Those takeaways that I had in terms of how you make a game that’s basically alive and has new installments still after 20 years is something that you can’t learn anywhere else. So I’m definitely taking a lot of the things that I learned there in my career for the rest of however long I work in gaming.
MG: Let’s talk about your transition from Activision to Meta when you went over to VR gaming. Was there a learning curve?
PT: When it comes to game development, I believe that regardless of what platform you’re working on, what makes the game good has nothing to do with the platform. That made the transition fairly easy for me.
Obviously, there are a lot of design and development best practices that I had to learn in this transition from console and PC to VR. In the end, games are games. The transitions between platforms or game developers, probably excluding the technical side where you’re actually programming, but especially in terms of production, they’re fairly easy because when it comes to project management and production, you’re there to make a good game. It doesn’t matter if it’s VR, console, PC or mobile.
MG: What are some things about video game production that people might not actually know?
PT: I think that when it comes to game development, a lot of people don’t realize that game development is not just programming. Games are especially big entertainment productions these days, and there’s every single function contributing to these games, from marketing to PR to testing, to programming, to art, to design, you name it, and there is a function for it, probably in game development.
You don’t have to be a programmer to work in games, and you don’t have to have extensive technical knowledge to work in games. I hope that this message also gets through to a lot of aspiring game developers, especially women and gender minorities, who are considering working in games.
MG: What advice do you have for women studying STEM right now who want to break into the gaming industry?
PT: My biggest advice is to go for it. There’s never been a better time to work in games. The game industry is growing constantly. More and more talent is needed to make these awesome games, and honestly, the size of games and the budgets for games keep growing. There’s more scope than ever to contribute to the industry.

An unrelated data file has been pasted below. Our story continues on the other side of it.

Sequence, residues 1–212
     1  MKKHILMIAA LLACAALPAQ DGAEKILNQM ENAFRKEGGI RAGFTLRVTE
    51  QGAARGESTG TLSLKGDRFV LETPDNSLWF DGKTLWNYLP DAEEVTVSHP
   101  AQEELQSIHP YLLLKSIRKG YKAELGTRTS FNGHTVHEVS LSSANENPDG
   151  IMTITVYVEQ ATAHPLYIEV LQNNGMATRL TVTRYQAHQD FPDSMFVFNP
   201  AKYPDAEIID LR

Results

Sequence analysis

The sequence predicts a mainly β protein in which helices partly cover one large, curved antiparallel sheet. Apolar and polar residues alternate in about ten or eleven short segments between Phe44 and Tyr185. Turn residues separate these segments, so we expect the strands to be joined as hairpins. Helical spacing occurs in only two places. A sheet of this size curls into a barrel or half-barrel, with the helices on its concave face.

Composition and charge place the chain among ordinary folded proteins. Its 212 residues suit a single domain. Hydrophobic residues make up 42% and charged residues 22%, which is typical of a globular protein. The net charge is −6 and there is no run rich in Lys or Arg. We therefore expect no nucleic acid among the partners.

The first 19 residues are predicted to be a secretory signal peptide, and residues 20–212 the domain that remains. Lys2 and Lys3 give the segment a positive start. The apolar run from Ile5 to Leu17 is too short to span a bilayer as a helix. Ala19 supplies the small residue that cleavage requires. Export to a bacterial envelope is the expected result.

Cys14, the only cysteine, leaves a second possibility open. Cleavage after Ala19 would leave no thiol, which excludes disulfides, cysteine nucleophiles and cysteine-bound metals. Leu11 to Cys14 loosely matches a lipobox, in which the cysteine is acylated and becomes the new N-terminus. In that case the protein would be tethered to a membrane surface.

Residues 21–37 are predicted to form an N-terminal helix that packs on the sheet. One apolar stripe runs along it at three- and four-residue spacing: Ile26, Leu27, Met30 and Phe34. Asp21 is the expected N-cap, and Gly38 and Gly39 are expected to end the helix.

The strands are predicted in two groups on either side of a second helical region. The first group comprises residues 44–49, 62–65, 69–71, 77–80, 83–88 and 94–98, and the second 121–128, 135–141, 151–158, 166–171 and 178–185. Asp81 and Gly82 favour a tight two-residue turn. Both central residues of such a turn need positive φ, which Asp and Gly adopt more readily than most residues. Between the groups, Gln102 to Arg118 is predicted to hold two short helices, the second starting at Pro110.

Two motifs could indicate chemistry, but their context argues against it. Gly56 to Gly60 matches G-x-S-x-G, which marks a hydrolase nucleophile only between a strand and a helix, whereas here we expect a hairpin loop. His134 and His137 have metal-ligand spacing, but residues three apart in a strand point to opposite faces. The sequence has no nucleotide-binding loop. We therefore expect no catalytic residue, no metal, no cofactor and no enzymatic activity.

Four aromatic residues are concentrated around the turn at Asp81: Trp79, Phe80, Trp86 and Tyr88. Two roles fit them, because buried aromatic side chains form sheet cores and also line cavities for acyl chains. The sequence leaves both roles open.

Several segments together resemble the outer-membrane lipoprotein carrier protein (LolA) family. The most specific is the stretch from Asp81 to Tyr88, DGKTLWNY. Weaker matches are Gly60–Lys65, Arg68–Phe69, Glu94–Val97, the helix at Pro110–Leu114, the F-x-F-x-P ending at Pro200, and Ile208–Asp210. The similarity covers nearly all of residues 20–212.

PT: It’s going to be interesting to see what the long-term effects of the deal are. It is a historical acquisition that we’ve seen, and a lot of the things regarding this deal are just unprecedented; we don’t really know what’s going to happen and how it’s going to work.
What I am curious to see is what this means for cross-platform play in the long term, the fact that we already have a lot of huge game publishers under these hardware manufacturers, and what the deal means in terms of content.
MG: Lastly, where do you see the video game space in 10 to 20 years?
PT: This is a tough question because a lot can happen between now and then when it comes to technology. We never know what the next trend is gonna be. I think the budgets and the size of games will keep growing as more and more entertainment companies, especially ones that are not necessarily focusing on games originally, are entering their game development space and investing in this form of entertainment as it keeps growing. I think that we will likely see a lot more AAA games and quadruple productions in the future.
Aside from that, something that’s definitely going to rise is the use of AI in gaming. A lot of people forget that AI has already been an existing tool in the game development space for a really long time. More and more players are going to enter the space, and I absolutely would love to see new players be successful in shipping new IP games and not just remakes or sequels to existing IPs.